On the subject of listening: Rod asks, “Do LGBTs and their allies ever stop to reflect on how they should relate to conservative Christians and others who do not share their beliefs about gender and sexuality?” Yes, they do. I have been a part of these conversations personally with friends. Tim Otto is the most prominent voice I can think of in this discussion, but I’m sure there are others.  More pertinently: If you have to ask that question in that way, then I would suggest you need to find some people that you are willing to submit and listen to about this. The more you listen, the more you may paradoxically find yourself better understood by others.

A side note: yes, many of our differences are indeed metaphysical and the hot-button issues are downstream from philosophical and theological controversies. Again, this is always the case whenever Christians come into contact with anti-Christian cultural elements and it is always incumbent on those of us who have the Good News to translate it into whatever language will faithfully render its meaning to the people around us. (To this end, everyone around here would be better off if they took the Perspectives course.) Furthermore, if intellectual and theological dam really has broken upstream, why are we using up so much energy talking about every drop of floodwater downstream? It may be necessary to win people over on other metaphysical or spiritual premises before proceeding to healthy discussion of the sexual dimensions of those premises.

On the subject of serving those most in need, you know what I’m going to say. Indeed, if the Benedict Option is about discipling our children into the practices of orthodox faith and one of the indispensable practices of orthodox faith is self-sacrificial service to the poor… then, well, the Benedict Option requires that we model self-sacrificial service to the poor.  Eve has some great suggestions in her post about organizations that are serving LGBT people in need. Again, there will be inevitable disagreement on what is “good” for LGBT people– but there’s plenty we can agree on that is good. Transgender people not committing suicide is good. Gay teens who have run away finding shelter is good. Lesbians not being discriminated against in housing is good. These all represent facets of the “LGBT agenda” that are not only legitimate, but a priority for Christians to pursue. The existence of legislation passed in Utah that preserves both LGBT rights and religious liberty suggests that there is even hope for some legislative compromise on these issues.

When you humble yourself to the point where you are living a life of radical service to others, there is less that a hostile world can take away from you and more holy befuddlement that you inspire. Not to mention what you will learn from walking with the poor and oppressed! I think that Christians still have a lot of power left to give up for the sake of Jesus’ name, but we will have to choose to live at the margins of society and serve those who are worse off than us materially. It is clear that we have a lot to learn from the experience of the black church about how to be a moral minority if we will only listen. (Dr. Martin Luther King Jr.’s Strength to Love is a wonderful jumping-off point for this sort of inquiry.)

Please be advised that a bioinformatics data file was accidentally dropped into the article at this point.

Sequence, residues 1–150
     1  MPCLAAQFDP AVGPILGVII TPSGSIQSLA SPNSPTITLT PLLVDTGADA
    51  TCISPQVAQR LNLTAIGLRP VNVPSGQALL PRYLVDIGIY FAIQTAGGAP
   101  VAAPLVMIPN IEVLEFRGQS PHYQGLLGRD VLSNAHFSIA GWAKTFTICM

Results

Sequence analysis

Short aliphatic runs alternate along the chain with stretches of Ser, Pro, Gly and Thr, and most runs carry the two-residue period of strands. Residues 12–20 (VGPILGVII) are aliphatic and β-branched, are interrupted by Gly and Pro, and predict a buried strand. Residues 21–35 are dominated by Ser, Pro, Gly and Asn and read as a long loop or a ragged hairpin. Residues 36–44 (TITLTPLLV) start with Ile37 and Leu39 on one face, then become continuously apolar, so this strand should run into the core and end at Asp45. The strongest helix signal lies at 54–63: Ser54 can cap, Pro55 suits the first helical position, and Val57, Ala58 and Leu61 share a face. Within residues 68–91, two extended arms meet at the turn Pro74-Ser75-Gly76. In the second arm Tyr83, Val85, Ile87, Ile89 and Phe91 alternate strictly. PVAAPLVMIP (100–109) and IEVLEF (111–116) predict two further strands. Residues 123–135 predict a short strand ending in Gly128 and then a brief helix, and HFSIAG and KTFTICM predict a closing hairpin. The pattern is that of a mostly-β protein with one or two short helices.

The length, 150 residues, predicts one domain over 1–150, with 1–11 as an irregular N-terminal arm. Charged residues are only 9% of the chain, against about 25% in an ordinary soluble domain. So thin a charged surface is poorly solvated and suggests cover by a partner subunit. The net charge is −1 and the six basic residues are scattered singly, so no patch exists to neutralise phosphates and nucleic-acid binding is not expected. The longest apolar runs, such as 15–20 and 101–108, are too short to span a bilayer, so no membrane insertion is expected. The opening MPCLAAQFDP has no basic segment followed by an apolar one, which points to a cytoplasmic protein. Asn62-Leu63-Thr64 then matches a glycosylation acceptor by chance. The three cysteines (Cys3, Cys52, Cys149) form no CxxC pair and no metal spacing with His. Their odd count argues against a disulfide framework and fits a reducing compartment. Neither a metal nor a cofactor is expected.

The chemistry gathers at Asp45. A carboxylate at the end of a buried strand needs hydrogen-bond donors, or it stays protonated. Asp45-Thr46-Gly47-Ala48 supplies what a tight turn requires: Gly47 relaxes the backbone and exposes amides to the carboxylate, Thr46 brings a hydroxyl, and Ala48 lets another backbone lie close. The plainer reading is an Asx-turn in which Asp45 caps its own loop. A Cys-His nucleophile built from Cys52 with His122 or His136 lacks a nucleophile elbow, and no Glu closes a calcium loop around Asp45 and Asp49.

Might we still get bulldozed by a malicious ideological agenda even if we love and serve people? Sure. We’re always fighting the long defeat. Being a Christian, though, compels us to love people as Christ did– persistently, aggressively, and sacrificially. No matter what agenda they might have against us.

Posted by Matthew Loftus

Matthew Loftus lives with his family in South Sudan, where he teaches and practices Family Medicine at a hospital for women and children. He is a columnist for Christianity Today and a regular contributor for Christ and Pop Culture. You can learn more about his work and writing at www.MatthewAndMaggie.org

5 Comments

  1. Shorter Matt Loftus: Spiritual Friendship > Benedict Option.

    Fair to say, Matt, or would you disagree?

    Reply

    1. I am very very pro-Spiritual Friendship and think that what they describe is an essential piece of any BenOp that will succeed!

      Reply

  2. […] I have been thinking a lot about what Matthew Loftus said in his latest blog post on the issue which he ran over on his personal blog. This is one of the key […]

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  3. […] Michael Wear (whose new book will get a longer treatment here soon) focused primarily on the fact that there have been some recent legal victories for religious liberty and that Christians have both the opportunity and the responsibility to work for the good of all in the West. Rod’s response, I felt, was a bit weak in that he fell back on the same statistics and anecdotes that animate his conviction that Christians really do need to build an ark to survive the storm, whereas Michael and I would both say that our current situation is much closer to Paul’s journey by boat to Rome. Rod also misused Flannery O’Connor’s great quote about shouting for those hard-of-hearing; the level of alarm he’s raising is the right volume but the wrong pitch. […]